This isn’t the first book you’ve written for middle grade readers. Why does this age group appeal to you as a writer?

Actually, I also wrote a novel for middle graders, but it hasn’t been published yet. I’m doing a last round of editing and polishing before I submit it to a few publishers. So this is, in fact, my first published book for middle-grade readers.

I love writing for middle graders because I can dwell deeper into characters and have a fairly complex plot while still being able to get away with over-the-top situations that wouldn’t work in the case of adult novels.

As far as nonfiction goes, writing for this age group appeals to me because of the simplicity of the language that is required. The writing must be uncomplicated and clear. I also like the idea that I’m encouraging kids to learn something beneficial for their growth, development and character.

Your work is very cross-functional – children’s books, nonfiction for adults, nonfiction for young adults – what inspires your work? Is there a genre which comes most naturally to you?

I’m ADHD when it comes to writing. I’m all over. If something inspires me, I’ll go for it. It’s usually the characters or the stories that choose me and not the other way around. So I don’t have much saying in the matter. This, of course, makes it harder to brand myself, but my main priority as a writer is to create the best books that I can. Creativity comes before marketing. That’s not to say that marketing isn’t a priority. It is, but it comes second.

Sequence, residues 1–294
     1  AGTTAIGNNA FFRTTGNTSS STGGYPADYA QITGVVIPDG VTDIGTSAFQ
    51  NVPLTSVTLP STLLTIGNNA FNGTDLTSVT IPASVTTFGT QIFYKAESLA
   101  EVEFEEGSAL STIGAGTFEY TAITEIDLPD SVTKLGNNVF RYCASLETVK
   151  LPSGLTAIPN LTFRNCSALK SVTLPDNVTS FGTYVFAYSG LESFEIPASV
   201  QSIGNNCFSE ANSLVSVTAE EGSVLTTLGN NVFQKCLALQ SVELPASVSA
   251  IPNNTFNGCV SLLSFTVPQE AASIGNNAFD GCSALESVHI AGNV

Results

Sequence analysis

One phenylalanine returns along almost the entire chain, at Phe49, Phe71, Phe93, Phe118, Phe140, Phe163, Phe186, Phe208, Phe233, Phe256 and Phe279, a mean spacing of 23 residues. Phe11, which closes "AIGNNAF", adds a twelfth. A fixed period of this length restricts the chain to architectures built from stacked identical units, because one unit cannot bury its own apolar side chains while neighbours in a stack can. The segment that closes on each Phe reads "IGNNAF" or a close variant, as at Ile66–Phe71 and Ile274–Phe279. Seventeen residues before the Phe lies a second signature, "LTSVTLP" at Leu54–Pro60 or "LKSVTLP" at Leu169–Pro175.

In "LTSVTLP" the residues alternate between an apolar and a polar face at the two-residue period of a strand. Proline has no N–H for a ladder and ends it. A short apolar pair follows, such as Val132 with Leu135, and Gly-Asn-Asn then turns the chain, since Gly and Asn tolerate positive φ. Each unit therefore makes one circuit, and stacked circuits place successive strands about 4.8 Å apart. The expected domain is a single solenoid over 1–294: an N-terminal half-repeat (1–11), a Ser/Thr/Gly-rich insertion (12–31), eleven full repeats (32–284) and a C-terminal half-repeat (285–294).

Your daughter wrote a book – tell me more about that.

It was a wonderful experience! One summer I turned the kitchen into a workshop for a whole week and taught her how to write and illustrate her own book. I actually wrote an article on the subject. You can read it here: http://blogcritics.org/books/article/my-nine-year-old-daughter-the

We have done signings together at Christmas fairs. It’s a lot of fun!

Talk to me about some of your other projects.

If you’re referring to my works in progress, I’m currently working on multiple projects.

One is a young adult supernatural (ghost) novel set in a convent in the 1970’s. This is my main writing project at the moment. I’m about 60% done.

Then I have two nonfiction middle-grade books on the works. One of them is already contracted by Twilight Times Books.

Apart from these, I’m always working on a new picture book. I also have ideas for two nonfiction ebooks. If only there were more hours in a day!

What’s next for you?

I have another picture book coming out this December: Frederico the Mouse Violinist. It’s a concept book that teaches kids the parts of the violin, but it is also a sweet story about a little mouse who lives in Antonio Stradivari’s workshop and who wants to play the violin. Readers can find out more about it on my website, www.mayrassecretbookcase.com.

I have about 6 more picture books coming out within the next two years, and I also have a completed middle grade novel circulating editors’ desks.

Finally, my vampire suspense novel, Embraced by the Shadows, will be released in print by Twilight Times Books pretty soon—hopefully in time for Valentine’s!